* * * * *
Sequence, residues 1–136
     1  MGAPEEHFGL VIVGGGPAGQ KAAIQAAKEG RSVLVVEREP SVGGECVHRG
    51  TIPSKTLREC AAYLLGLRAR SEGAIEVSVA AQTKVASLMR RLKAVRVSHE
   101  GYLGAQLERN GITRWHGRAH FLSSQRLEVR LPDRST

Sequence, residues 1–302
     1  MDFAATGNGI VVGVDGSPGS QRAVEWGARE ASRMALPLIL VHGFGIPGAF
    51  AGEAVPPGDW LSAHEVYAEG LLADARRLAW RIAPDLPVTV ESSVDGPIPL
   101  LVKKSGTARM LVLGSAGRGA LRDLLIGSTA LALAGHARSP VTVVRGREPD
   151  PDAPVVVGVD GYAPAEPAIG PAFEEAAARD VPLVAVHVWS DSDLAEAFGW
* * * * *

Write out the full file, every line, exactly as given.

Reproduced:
Sequence, residues 1–136
     1  MGAPEEHFGL VIVGGGPAGQ KAAIQAAKEG RSVLVVEREP SVGGECVHRG
    51  TIPSKTLREC AAYLLGLRAR SEGAIEVSVA AQTKVASLMR RLKAVRVSHE
   101  GYLGAQLERN GITRWHGRAH FLSSQRLEVR LPDRST

Sequence, residues 1–302
     1  MDFAATGNGI VVGVDGSPGS QRAVEWGARE ASRMALPLIL VHGFGIPGAF
    51  AGEAVPPGDW LSAHEVYAEG LLADARRLAW RIAPDLPVTV ESSVDGPIPL
   101  LVKKSGTARM LVLGSAGRGA LRDLLIGSTA LALAGHARSP VTVVRGREPD
   151  PDAPVVVGVD GYAPAEPAIG PAFEEAAARD VPLVAVHVWS DSDLAEAFGW